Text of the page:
Ericksonian Language Patterns and Poetry
We are thrilled and grateful to feature on our web site, www.Ericksonian.info, a wonderful contribution by world-renowned poet, David Whyte. It is his poem “SOMETIMES” from the collection, “Everything is Waiting for You.” You can read the poem here: http://www.ericksonian.info/SOMETIMES.html
IN REGARD TO THE POETRY OF DAVID WHYTE
A few years ago, while conducting a class on Ericksonian Hypnosis, I was struck by the poetry of the words in a good trance induction. That, when intoned with close attention to the meaning and sound of the words, the phrasing and the intentional ambiguities, the words that were spoken were like poetry. This excited me because I’d always loved poetry but never felt able to create it myself.
I began to use snippets of poems I knew, like from e.e.cummings, in trance inductions with clients and got wonderful results.
Then I was introduced to the poetry of David Whyte while on a personal journey of my own. The first thing I ever heard of his was a tape recording of an interview David gave called “The Power and Place of Poetry” wherein he says, “the poet is a person who tries to say ‘it’ whatever ‘it’ is at any one time.” (How perfect! How very much exactly what an Ericksonian hypnotist is trying to do.) He describes how poetry, like James Hillman’s philosophy about modern psychotherapy, brings a more mythological perspective to the human experience as opposed to the more “finding-out-what’s-broken” of traditional therapy. (How very similar to Erickson’s utilization principle.)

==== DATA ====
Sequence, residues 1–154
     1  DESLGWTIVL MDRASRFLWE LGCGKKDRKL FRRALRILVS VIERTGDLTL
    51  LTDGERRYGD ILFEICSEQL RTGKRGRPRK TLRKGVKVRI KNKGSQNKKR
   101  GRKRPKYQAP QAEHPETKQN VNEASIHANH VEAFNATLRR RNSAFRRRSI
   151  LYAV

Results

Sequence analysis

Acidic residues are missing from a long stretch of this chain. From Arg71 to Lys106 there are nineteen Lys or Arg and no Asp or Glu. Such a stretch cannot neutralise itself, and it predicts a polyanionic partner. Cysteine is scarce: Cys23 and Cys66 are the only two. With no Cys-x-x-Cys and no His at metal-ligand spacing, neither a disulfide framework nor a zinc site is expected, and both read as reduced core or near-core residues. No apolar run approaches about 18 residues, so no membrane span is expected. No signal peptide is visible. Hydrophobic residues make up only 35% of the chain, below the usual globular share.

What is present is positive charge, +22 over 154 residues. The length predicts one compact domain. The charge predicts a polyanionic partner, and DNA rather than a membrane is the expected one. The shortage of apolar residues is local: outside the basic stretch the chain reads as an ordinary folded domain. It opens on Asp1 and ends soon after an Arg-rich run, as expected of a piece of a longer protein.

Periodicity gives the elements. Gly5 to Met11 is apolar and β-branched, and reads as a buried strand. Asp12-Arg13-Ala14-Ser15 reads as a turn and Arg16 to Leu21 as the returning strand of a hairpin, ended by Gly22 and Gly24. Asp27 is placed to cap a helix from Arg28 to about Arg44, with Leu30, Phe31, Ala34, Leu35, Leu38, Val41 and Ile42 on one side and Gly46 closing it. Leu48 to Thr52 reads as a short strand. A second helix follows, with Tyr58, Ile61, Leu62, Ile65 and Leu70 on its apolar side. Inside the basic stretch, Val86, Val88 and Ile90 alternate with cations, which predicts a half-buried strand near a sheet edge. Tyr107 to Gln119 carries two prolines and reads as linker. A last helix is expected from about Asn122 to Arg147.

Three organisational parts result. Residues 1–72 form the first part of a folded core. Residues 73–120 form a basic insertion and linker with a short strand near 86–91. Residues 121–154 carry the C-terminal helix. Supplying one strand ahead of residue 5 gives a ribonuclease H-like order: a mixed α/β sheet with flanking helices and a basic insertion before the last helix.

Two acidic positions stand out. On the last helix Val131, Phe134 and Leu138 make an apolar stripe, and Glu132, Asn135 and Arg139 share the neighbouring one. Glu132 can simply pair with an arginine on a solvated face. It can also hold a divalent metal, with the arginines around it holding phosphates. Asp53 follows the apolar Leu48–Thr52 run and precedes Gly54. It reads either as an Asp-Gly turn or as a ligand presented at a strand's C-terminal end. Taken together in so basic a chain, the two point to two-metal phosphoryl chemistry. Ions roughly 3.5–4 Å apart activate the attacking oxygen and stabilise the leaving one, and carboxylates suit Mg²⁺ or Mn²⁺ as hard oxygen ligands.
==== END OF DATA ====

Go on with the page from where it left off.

In this same interview, while talking about the human need to connect with our soul, he talks about taking poetry into the business world. I was amazed he was able to really find a connection to soul in what some regard as the most soul-less of places, the modern business corporation. In the course of his talk David would recite one of his or someone else’s poems – he seems to have countless poems memorized – and I was again amazed, this time at his style of reciting. He would often repeat lines or whole sections of the poem before continuing on in the poem, calling the listener’s attention to the beauty of he words and the imagery and feelings they evoked.
Since then I have read and reread the poetry of David Whyte hundreds of times, privately and in classes that I’ve taught. I always find myself taken in by the depth and the beauty of his work.
I am honored that he offered the poem “SOMETIMES” to our web site. I invite you to read it, be moved by it, or not. Reread it in whole and in part, and to get curious as to how you can use poetry in your work and in your life. Further explore the beautiful and wonderful world of his work at his web site, www.davidwhyte.com